T_VIEW

Control view through a text window

WTSupported in traditional Synergy on Windows
WNSupported in Synergy .NET on Windows
USupported on UNIX
VSupported on OpenVMS
xcall T_VIEW(window_id, [col_id], [help_id][, unmapped_key])

Arguments

window_id

The ID of the text window to view. (n)

col_id

(optional) The ID of the view-control menu column. (n)

help_id

(optional) The help identifier. (a)

unmapped_key

(optional) Returned with the decimal value of any pressed key not mapped to a function code. (n)

Discussion

T_VIEW enables the user to move the view of a text window using a view-control menu column. It performs the following actions:

On Windows, T_VIEW does not display a scroll bar by default. However, you can enable the scroll bars by calling the W_BRDR windowing subroutine. For more information, see Synergy Windowing API. The text window can also be navigated using arrow keys by setting the g_plc_col_args flag to true. (See g_plc_col_args for information.)

The col_ids are, by default, ignored when running on Windows. These columns usually contain reserved menu entries that are automatically supported by the Windows environment. Additionally, the excessive placing and removing of columns causes a Windows menu bar to “flicker.”

If there’s more than one line in the text window, there will be unusable space at the bottom of the window. The amount of unusable space depends on the number of lines of text and is caused by leading that’s added as a result of the mapping from the native Windows edit control (used under the hood for text windows) to the rows of the Toolkit window used to display the text. This added leading causes the text window to be larger than it needs to be to display the rows, resulting in the unusable space. If the text window is part of a tab set, however, you may be able to work around this by making the text window larger than the tab set. This allows the extra rows to be used by T_VIEW because the tab set container stretches the window’s display area to encompass that size.

On Windows, T_VIEW recognizes the following menu entries: E_CLEAR, E_COPY, E_CUT, E_MARK, E_PASTE. These perform the associated Windows functionality, if applicable. See Appendix B: Reserved Menu Entries for information on reserved menu entries.

On UNIX and OpenVMS, T_VIEW assumes that the column identified by col_id will contain one or more of the menu entries for scrolling listed below:

T_LINUP

T_RSIDE

T_TOP

T_LINDWN

T_LSIDE

T_BOTTOM

T_SCRUP

T_PAGUP

T_SCRLFT

T_SCRDWN

T_PAGDWN

T_SCRRT

The default behavior for each environment’s handling of columns is controlled by the g_plc_col_args flag, which is defined in tkctl.def. See g_plc_col_args for details.

In all environments, if the internal name of a selected menu entry begins with “U_,” the EUTILS_METHOD subroutine is called and the input is redone. If the internal name of the selected menu entry is “O_HELP,” the EHELP_METHOD subroutine is called, with help_id as its argument.

If a selection is made that is neither a T_VIEW entry, a utility entry, a help entry, nor one of the E_ menu entries listed above for Windows, control returns to the calling subroutine with g_select set to true and g_entnam containing the name of the selected entry in uppercase. You must clear g_select after you satisfy the event.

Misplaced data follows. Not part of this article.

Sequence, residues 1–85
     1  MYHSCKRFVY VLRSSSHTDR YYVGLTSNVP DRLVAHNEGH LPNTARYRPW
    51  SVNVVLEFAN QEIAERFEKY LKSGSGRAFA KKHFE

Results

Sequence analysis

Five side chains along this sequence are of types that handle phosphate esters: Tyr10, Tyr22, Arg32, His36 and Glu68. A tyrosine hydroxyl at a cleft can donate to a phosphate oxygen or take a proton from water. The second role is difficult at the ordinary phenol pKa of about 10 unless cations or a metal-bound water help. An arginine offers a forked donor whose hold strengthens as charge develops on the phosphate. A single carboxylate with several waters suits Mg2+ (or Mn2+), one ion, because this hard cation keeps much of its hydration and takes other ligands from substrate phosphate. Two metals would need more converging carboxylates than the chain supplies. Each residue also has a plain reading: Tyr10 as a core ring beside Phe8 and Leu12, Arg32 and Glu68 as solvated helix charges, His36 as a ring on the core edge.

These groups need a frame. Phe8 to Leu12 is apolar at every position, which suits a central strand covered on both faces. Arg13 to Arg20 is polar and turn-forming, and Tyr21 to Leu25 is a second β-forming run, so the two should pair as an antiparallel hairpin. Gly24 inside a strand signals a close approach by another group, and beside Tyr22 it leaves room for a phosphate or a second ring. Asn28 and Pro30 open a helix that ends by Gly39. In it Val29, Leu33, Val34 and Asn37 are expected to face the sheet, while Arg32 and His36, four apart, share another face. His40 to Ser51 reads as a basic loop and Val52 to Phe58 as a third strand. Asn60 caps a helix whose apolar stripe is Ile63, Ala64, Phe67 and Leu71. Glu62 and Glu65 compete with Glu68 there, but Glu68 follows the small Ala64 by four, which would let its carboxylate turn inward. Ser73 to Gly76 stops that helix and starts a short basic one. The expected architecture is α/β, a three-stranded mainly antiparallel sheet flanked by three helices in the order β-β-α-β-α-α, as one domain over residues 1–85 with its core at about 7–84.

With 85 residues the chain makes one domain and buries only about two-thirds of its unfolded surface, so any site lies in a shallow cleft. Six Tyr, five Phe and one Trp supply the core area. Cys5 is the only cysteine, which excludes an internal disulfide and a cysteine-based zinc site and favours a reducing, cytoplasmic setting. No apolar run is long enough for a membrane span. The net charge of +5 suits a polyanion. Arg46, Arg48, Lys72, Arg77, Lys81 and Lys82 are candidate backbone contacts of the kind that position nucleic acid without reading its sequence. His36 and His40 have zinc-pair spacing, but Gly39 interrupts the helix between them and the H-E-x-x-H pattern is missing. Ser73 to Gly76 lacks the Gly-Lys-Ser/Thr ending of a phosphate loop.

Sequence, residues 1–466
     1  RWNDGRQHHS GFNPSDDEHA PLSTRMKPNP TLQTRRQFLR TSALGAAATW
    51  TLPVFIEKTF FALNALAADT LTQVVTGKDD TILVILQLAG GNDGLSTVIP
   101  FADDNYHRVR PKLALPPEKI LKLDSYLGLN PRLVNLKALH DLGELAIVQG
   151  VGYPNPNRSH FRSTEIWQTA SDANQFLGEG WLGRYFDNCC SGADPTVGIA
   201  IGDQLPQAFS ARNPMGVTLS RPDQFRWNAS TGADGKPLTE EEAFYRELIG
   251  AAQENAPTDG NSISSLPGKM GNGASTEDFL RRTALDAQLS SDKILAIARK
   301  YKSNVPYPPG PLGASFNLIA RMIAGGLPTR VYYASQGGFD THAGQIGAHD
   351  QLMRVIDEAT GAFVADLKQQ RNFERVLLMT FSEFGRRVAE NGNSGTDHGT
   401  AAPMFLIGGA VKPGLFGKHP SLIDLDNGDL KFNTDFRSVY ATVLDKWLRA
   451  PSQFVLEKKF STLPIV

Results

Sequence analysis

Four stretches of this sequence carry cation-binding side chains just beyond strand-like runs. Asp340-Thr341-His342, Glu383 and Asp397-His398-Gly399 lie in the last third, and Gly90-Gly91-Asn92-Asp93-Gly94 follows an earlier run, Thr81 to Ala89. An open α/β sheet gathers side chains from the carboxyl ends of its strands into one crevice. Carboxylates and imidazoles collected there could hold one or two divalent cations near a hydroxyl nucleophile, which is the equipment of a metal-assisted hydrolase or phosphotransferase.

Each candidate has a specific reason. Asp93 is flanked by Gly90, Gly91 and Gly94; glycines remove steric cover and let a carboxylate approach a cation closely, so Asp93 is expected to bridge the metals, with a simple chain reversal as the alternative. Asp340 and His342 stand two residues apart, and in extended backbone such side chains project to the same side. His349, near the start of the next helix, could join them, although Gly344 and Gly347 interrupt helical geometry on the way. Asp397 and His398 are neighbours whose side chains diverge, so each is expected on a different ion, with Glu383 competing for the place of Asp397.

If unmapped_key is passed, when the user presses a key that is not mapped to a function code, the decimal value of the corresponding ASCII character will be returned in this argument. If passed and the user presses enter, unmapped_key returns zero. Passing unmapped_key may be useful if you want to test for a certain ASCII character and provide alternative processing if the test is true. For example, you could allow the user to press enter to exit the view function, even though you can’t define the enter key as a regular shortcut. If you omit unmapped_key, any unmapped key the user presses will ring the terminal bell, but T_VIEW will continue viewing.

Creating the view-control column

Use the menu column script file commands .COLUMN and .ENTRY to create the view-control column and its entries. The following command creates a menu column named “text_view” whose text in the menu bar is “Scrolling.”

.column text_view, Scrolling

To enable scrolling on UNIX or OpenVMS, the view-control column must contain some subset of the menu entries listed above. Your script file commands will look something like this:

.entry t_linup, "Up 1 line", key(up)
.entry t_lindwn, "Down 1 line", key(down)

See also

Examples

This code fragment shows the three steps required to view a text window. The window is loaded with U_LDWND and converted to a text window with T_SETUP. Next, a menu column that lists view commands is loaded but not placed on the menu bar. The view column is placed by T_VIEW in this example. T_VIEW only returns when a non-view command is selected.

xcall u_ldwnd(wndid, g_utlib, "intro_text")
xcall t_setup(wndid)
xcall m_ldcol(vcolid, g_utlib, "view_ctl", D_NOPLC)
do
  begin
    xcall t_view(wndid, vcolid)
    if(g_select)
     case(g_entnam) of
      begincase
"ENTRY1": call ENTRYONE    one of these subroutines will 
"ENTRY2": call ENTRYTWO    set the done flag
"ENTRY3": call ENTRYTHREE
      endcase
  end
until(done)